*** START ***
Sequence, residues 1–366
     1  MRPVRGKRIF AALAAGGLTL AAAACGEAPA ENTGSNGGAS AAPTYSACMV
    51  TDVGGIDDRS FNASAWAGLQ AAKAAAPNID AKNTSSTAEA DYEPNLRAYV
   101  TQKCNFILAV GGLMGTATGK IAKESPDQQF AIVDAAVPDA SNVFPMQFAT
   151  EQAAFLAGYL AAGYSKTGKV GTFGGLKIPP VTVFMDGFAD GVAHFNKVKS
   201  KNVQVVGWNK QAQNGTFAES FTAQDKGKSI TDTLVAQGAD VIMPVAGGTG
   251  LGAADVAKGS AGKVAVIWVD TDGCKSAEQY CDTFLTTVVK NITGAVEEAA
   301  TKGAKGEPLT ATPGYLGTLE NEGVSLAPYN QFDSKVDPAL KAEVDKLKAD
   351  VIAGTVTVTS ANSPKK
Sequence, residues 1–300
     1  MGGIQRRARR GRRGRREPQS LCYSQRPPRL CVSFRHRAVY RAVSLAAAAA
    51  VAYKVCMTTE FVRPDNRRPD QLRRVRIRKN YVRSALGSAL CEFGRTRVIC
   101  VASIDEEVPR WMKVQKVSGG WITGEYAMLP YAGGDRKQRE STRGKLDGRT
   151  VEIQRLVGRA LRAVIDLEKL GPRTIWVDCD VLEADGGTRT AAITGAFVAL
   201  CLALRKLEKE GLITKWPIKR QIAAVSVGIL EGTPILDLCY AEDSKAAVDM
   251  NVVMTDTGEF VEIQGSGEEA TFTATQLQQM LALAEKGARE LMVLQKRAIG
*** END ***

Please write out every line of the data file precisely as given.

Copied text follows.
Sequence, residues 1–366
     1  MRPVRGKRIF AALAAGGLTL AAAACGEAPA ENTGSNGGAS AAPTYSACMV
    51  TDVGGIDDRS FNASAWAGLQ AAKAAAPNID AKNTSSTAEA DYEPNLRAYV
   101  TQKCNFILAV GGLMGTATGK IAKESPDQQF AIVDAAVPDA SNVFPMQFAT
   151  EQAAFLAGYL AAGYSKTGKV GTFGGLKIPP VTVFMDGFAD GVAHFNKVKS
   201  KNVQVVGWNK QAQNGTFAES FTAQDKGKSI TDTLVAQGAD VIMPVAGGTG
   251  LGAADVAKGS AGKVAVIWVD TDGCKSAEQY CDTFLTTVVK NITGAVEEAA
   301  TKGAKGEPLT ATPGYLGTLE NEGVSLAPYN QFDSKVDPAL KAEVDKLKAD
   351  VIAGTVTVTS ANSPKK
Sequence, residues 1–300
     1  MGGIQRRARR GRRGRREPQS LCYSQRPPRL CVSFRHRAVY RAVSLAAAAA
    51  VAYKVCMTTE FVRPDNRRPD QLRRVRIRKN YVRSALGSAL CEFGRTRVIC
   101  VASIDEEVPR WMKVQKVSGG WITGEYAMLP YAGGDRKQRE STRGKLDGRT
   151  VEIQRLVGRA LRAVIDLEKL GPRTIWVDCD VLEADGGTRT AAITGAFVAL
   201  CLALRKLEKE GLITKWPIKR QIAAVSVGIL EGTPILDLCY AEDSKAAVDM
   251  NVVMTDTGEF VEIQGSGEEA TFTATQLQQM LALAEKGARE LMVLQKRAIG